An eye-catching innovation which could help to keep maintenance personnel out of harm’s way is being showcased by France’s DGA defence procurement agency and developer Warein.
Being demonstrated with a Dassault Mirage 2000D of the CEV flight test centre at the French defence ministry’s outside exhibit, Bulle is an extendable fabric articulated robotic arm housed within a protective inflatable casing.
The developmental product on show – which has its origins in the nuclear inspection arena – can be deployed to a length of 5.5m (18ft) with a camera sensor installed. This will enable a maintainer to monitor aircraft surfaces, or perform tasks such as applying de-icing fluid, without the need for a crane or scaffolding.
Being shown one year into a three-year project funded via the DGA’s RAPID scheme – which provides funding to initiatives pursued by small and medium-sized enterprises – Bulle is currently deployed from a backpack and controlled via a tablet computer. However, Warein says it is pursuing the use of increased automation in the system’s deployment and operation. Versions with a reach of up to 15m could be produced and mounted on a ground cart.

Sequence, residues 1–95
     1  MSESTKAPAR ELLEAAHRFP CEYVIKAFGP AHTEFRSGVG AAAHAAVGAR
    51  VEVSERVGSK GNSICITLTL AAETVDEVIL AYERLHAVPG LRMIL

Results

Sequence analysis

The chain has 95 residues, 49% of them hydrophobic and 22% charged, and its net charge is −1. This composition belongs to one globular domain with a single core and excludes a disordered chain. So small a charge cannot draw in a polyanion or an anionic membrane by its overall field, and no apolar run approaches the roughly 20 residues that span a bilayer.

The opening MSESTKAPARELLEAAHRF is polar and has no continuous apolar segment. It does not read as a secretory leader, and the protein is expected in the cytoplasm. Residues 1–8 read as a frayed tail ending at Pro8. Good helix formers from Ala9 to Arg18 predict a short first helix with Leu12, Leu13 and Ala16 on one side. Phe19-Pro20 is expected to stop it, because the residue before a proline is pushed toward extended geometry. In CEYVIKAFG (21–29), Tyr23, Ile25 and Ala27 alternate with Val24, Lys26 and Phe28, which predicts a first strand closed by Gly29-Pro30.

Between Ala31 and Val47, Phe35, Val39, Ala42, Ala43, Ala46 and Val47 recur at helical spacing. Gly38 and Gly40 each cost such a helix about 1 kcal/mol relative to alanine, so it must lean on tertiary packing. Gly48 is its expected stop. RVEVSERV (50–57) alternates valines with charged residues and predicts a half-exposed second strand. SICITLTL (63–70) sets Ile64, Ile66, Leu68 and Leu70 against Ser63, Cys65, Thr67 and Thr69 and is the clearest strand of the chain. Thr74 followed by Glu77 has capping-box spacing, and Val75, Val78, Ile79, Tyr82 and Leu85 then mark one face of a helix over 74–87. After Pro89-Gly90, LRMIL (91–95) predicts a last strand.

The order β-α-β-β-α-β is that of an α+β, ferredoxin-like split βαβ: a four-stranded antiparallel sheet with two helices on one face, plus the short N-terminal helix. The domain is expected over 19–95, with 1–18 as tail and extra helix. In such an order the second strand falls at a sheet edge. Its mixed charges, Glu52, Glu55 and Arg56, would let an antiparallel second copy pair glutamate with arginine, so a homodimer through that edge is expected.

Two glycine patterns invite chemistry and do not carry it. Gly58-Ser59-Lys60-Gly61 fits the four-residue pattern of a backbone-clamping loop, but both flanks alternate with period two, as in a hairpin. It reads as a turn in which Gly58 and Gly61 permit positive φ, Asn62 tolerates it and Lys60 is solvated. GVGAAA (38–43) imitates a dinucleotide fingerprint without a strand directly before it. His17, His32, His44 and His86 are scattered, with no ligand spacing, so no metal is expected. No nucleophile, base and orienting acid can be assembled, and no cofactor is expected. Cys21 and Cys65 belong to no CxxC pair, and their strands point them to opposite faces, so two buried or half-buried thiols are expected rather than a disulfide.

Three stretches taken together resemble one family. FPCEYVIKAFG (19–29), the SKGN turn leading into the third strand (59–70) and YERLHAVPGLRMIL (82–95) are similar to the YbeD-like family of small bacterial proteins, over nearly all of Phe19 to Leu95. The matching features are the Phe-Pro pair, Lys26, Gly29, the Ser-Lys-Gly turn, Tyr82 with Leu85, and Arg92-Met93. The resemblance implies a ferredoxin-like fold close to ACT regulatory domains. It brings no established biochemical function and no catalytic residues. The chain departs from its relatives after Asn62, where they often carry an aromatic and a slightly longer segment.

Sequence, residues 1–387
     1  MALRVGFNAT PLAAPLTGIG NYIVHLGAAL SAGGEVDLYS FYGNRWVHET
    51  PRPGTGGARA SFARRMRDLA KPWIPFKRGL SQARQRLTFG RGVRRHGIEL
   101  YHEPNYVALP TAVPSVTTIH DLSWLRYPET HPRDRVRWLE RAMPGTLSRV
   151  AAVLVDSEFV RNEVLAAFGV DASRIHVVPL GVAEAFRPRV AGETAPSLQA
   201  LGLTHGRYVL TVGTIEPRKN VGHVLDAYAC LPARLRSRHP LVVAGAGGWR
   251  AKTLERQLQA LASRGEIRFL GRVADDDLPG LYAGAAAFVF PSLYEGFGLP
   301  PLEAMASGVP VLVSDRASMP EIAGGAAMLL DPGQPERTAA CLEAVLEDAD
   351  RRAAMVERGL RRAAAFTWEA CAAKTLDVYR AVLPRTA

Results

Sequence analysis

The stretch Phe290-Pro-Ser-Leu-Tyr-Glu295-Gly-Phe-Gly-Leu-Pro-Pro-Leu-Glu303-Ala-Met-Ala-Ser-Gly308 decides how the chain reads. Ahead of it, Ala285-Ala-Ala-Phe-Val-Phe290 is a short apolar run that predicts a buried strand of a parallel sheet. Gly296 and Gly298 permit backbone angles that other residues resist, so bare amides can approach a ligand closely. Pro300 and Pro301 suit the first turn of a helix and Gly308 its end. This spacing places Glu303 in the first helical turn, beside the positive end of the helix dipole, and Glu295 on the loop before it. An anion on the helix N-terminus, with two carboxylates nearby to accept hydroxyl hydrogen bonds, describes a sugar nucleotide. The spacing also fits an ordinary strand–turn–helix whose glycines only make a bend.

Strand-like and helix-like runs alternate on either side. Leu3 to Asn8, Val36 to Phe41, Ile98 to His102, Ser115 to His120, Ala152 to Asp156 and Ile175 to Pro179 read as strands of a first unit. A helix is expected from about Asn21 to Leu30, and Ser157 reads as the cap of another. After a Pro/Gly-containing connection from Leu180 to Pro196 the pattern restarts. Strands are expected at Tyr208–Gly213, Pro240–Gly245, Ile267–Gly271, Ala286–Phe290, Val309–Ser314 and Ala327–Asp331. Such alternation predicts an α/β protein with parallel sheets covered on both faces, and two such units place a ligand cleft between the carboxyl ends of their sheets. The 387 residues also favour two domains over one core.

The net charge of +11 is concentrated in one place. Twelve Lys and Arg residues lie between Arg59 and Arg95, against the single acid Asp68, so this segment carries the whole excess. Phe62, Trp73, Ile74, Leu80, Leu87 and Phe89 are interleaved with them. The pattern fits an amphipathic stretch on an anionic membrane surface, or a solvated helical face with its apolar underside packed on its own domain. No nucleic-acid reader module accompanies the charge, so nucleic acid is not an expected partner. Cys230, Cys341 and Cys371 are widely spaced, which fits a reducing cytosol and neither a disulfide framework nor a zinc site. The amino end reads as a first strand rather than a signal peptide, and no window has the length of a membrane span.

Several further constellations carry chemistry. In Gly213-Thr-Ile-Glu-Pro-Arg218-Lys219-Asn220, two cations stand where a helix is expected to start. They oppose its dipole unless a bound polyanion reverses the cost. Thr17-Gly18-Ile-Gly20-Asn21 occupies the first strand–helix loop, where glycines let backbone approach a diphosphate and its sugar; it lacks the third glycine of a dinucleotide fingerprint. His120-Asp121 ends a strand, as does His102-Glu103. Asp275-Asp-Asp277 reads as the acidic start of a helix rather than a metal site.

Also on show are examples of a flax-derived composite material, developed by French company Lineo and also receiving support from the RAPID initiative.
The natural product has the same strength as carbon or glass fibre but with reduced weight and improved anti-vibration properties, says chief executive François Vanfleteren. Potential applications for the innovation exist in the aerospace and automotive sectors, he says, for example in aircraft panels, flooring and air ducts.
Source: Flight Daily News